Why did the CFPB ban mandatory arbitration agreements? If you read their own release, it was because of credit cards. Here is what it says in the press release about the rule, citing evidence from its arbitration study: “The study showed that few consumers ever bring – or consider bringing – individual actions against their financial service providers either in court or in arbitration. Only about 2 percent of consumers with credit cards surveyed said they would consult an attorney or consider formal legal action to resolve a small-dollar dispute. As a result, the real effect of mandatory arbitration clauses is to insulate companies from most legal proceedings altogether.”
OK, but what about auto finance, either through a creditor or a dealer? Those are large dollar amounts. In fact, consumer advocates constantly remind us that auto purchases are the largest or second largest purchases people make. Wouldn’t they be more likely to use whatever means are available to settle a dispute and get restitution, including going to arbitration?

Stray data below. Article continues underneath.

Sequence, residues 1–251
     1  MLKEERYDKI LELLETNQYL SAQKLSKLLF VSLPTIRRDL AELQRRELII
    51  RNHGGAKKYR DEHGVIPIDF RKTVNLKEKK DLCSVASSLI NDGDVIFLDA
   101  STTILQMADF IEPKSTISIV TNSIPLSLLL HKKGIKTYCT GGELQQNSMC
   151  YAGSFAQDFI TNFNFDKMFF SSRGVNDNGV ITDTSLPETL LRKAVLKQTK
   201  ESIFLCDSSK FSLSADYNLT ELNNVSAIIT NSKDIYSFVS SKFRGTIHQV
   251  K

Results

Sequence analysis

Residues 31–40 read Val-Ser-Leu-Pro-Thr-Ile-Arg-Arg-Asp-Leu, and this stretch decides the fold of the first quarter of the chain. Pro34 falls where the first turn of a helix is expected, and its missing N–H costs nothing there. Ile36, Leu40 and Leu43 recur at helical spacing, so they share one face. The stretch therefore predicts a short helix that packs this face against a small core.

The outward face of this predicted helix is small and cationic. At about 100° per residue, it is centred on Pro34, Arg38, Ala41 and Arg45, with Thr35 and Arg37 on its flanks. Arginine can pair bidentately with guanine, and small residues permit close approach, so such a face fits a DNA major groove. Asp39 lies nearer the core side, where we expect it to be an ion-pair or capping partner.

So why not just ban mandatory arbitration for credit cards? After all, the Wells Fargo credit card scandal is the latest rationale given for the ban. But that’s not how the CFPB rolls. It was created as a massive beast to oversee ALL consumer finance. Creating several smaller agencies, such as an Auto Finance Agency, one that would have included dealers in its portfolio, would have made more sense for everybody. But that didn’t happen and this is what we have.